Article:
Washington: The White House has no intention to end CIA drone strikes against militant targets on Pakistani soil, US officials say, possibly setting the two countries up for diplomatic tensions after Pakistan's Parliament unanimously approved new guidelines for the country's troubled relationship with the United States.
US officials say they will work in coming weeks and months to find common ground with Pakistan, but if a suspected terrorist target comes into the laser sights of a CIA drone's hellfire missiles, they will take the shot.
It is not the first time the US has ignored Pakistan's Parliament, which demanded an end to drone strikes in 2008. What is different now is that the Pakistani government is in a more fragile political state and can continue no longer its earlier practice of quietly allowing the US action while publicly denouncing it, Pakistani officials say.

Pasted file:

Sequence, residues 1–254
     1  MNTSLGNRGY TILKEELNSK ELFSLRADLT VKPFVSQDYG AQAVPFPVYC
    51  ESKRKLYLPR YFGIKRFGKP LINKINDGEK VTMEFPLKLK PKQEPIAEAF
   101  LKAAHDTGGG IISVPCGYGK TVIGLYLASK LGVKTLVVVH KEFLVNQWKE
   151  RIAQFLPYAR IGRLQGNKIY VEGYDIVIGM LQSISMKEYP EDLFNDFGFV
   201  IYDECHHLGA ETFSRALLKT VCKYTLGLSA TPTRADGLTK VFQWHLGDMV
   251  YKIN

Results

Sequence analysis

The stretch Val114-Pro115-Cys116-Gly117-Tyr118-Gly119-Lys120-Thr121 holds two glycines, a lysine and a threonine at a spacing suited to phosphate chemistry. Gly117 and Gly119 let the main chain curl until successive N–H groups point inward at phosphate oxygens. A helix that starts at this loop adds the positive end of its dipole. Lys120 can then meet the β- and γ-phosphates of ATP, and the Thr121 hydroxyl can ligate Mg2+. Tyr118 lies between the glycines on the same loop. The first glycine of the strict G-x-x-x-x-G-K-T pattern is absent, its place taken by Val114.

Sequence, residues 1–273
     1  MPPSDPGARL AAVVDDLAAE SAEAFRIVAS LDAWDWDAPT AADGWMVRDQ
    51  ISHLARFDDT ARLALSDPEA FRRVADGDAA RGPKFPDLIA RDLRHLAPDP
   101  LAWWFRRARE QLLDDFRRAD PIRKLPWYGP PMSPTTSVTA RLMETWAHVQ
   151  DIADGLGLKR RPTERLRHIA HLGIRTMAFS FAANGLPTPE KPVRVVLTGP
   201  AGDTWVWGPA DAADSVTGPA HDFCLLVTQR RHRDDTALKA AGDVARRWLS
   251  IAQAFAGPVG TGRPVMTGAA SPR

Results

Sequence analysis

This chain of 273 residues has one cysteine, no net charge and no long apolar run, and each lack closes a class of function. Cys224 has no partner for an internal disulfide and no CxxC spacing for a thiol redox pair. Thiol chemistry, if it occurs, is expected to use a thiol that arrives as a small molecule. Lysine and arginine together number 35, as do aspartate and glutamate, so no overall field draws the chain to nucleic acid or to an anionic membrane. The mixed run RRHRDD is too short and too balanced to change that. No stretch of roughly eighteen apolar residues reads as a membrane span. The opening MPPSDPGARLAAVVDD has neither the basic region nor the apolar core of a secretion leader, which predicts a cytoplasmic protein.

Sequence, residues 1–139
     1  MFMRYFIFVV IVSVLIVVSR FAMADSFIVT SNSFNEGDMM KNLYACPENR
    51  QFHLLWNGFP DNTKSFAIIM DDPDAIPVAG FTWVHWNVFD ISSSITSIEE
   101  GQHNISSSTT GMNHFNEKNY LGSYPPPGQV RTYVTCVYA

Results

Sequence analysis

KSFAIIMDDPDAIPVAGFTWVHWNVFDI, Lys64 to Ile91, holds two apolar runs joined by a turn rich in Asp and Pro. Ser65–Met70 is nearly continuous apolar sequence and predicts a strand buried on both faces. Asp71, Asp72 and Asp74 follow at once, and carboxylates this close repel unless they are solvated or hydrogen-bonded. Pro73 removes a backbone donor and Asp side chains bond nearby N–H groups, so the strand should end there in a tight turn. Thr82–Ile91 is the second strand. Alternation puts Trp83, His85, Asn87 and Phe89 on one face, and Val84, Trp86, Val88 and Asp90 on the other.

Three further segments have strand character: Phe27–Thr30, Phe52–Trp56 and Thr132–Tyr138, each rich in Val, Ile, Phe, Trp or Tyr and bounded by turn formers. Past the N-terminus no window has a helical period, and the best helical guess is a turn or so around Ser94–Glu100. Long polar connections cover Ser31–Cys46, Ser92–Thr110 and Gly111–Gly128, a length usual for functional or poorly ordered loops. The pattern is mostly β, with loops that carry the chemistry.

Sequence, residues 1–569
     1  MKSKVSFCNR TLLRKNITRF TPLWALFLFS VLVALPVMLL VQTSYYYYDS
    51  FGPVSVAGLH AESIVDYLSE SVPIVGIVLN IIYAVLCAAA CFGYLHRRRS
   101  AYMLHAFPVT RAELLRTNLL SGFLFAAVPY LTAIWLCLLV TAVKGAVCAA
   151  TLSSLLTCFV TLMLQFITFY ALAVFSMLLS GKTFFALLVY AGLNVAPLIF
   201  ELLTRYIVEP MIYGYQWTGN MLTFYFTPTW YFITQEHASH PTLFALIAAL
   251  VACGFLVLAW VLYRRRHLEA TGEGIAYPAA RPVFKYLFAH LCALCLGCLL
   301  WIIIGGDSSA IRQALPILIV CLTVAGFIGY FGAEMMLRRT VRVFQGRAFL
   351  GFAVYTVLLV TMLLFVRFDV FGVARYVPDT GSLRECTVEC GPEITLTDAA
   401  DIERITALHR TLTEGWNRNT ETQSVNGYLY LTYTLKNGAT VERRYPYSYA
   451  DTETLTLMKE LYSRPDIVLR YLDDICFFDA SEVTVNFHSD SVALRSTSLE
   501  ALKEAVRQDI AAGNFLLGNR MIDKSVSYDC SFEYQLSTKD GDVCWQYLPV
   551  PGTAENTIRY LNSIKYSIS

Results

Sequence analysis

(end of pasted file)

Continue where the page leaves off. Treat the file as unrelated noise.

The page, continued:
All officials spoke on condition of anonymity to discuss the high stakes diplomatic jockeying. The Parliament approved on Thursday recommendations intended to guide Pakistan's government in its negotiations to reset the US relationship. The guidelines allow for the blockade on US and NATO supplies to be lifted. The lawmakers demanded a halt to CIA-led missile attacks but did not make that a prerequisite to reopening the supply lines.
The relationship between Pakistan and the US faltered after a series of incidents in 2011 that have damaged trust on both sides from the controversy over CIA security officer Ray Davis, who killed two Pakistani alleged assailants and was later released, to the US Navy SEAL raid that killed Osama bin Laden in Pakistan in May, without Pakistani permission.
But the arguable nadir in relations came in November, when US forces returned fire they believed came from a Pakistani border post and killed 24 Pakistani troops.